The Resolution and Structure of High Reynolds Number Turbulent Boundary Layers Over Rough and Smooth Walls in Pressure Gradient

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Virginia Tech


The velocity fields of high Reynolds number, turbulent, wall boundary layers in non-equilibrium pressure gradients are experimentally investigated. Experiments in two wall configurations were performed; one with a hydrodynamically smooth test wall composed of flat aluminum panels, and the other with a rough surface consisting of 2 mm tall, staggered, circular cylindrical elements. A representative set of pressure gradient distributions were generated on the research wall by a systematically rotated NACA 0012 airfoil placed in a wind tunnel section to determine the functional dependence of the boundary layer formation on pressure gradient. Particle image velocimetry (PIV) was the primary measurement technique used to determine time-resolved features of the velocity flow field. newline{}newline{} It is shown that regardless of wall condition and Reynolds number, the non-equilibrium turbulent boundary layers exhibit increasingly non-local behavior with streamwise development. This is apparent as a lag to the pressure gradient distribution observed in the streamwise developing integrated boundary layer parameters. These ``history effects" are also prevalent in mean velocity profiles which are exhibited as a cross-over of the favorable and adverse pressure gradient profiles in the logarithmic layer. Similar cross-over points are observed in the Reynolds shear and normal stresses, particularly at the streamwise station downstream of the pressure gradient switch. The primary effect of the rough wall is to increase the magnitude of flow scales, and, while they exhibit the same qualitative history effects as the smooth wall, the rough wall flows show an earlier relaxation to equilibrium. Despite inherent uncertainties of indirect skin friction methods for the rough wall, the effective sandgrain roughness parameter k_s does not show a functional dependency to pressure gradient history. An evaluation of the wall-similarity hypothesis solely based on boundary layer thickness to roughness parameter ratios delta/k_s is insufficient and additional parameters such as pressure gradient histories, local roughness Reynolds numbers, and bias uncertainties due to instrument spatial resolution must be considered.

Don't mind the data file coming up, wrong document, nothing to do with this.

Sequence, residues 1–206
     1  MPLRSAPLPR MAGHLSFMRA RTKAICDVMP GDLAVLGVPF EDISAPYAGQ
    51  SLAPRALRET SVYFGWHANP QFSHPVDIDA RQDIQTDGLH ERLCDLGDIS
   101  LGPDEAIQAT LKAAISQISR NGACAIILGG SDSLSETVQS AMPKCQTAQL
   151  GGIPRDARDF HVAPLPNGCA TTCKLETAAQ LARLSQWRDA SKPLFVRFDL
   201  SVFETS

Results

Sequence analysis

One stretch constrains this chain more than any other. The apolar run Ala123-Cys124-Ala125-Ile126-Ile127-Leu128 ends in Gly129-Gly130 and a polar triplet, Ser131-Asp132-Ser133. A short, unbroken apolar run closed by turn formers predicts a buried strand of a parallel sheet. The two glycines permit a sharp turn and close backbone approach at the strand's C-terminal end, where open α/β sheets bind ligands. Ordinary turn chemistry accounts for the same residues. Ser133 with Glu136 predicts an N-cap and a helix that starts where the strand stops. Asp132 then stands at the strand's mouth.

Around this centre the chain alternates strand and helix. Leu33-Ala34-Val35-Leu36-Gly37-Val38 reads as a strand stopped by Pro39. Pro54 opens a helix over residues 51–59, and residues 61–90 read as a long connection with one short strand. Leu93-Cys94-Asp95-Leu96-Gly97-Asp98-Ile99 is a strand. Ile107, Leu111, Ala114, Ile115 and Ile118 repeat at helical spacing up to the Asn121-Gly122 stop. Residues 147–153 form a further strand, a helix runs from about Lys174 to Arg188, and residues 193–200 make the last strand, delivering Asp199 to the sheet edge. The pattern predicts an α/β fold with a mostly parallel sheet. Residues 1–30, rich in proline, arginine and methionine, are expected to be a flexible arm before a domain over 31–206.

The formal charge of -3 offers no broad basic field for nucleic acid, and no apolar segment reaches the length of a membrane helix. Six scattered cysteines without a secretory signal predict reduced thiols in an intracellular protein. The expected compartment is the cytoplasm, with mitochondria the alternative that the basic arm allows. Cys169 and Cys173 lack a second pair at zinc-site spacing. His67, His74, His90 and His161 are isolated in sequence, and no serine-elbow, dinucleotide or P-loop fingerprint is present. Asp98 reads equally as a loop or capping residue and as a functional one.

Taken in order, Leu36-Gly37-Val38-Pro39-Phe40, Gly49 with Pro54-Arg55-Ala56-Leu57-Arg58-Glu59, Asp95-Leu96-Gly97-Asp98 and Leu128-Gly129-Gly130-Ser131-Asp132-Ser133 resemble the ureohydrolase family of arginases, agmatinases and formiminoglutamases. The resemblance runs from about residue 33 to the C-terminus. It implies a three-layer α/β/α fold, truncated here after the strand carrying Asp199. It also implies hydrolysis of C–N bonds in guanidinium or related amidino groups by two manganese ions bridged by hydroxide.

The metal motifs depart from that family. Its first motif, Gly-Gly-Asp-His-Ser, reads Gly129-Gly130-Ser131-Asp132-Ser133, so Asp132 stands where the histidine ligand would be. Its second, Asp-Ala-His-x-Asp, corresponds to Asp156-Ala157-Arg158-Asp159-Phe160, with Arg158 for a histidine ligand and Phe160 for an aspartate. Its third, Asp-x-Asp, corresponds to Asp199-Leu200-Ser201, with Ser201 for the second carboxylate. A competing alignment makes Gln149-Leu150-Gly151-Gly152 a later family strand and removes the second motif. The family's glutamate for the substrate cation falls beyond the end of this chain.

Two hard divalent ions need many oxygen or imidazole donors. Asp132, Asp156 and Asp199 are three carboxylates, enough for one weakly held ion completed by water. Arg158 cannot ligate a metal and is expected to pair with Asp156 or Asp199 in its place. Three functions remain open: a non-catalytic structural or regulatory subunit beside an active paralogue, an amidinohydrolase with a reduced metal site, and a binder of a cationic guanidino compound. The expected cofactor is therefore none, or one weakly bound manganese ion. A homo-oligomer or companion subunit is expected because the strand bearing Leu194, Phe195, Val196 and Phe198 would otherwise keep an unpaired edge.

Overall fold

Non-Equilibrium Flows, Pressure Gradient, Rough Wall Turbulent Boundary Layers, Smooth Wall Turbulent Boundary Layers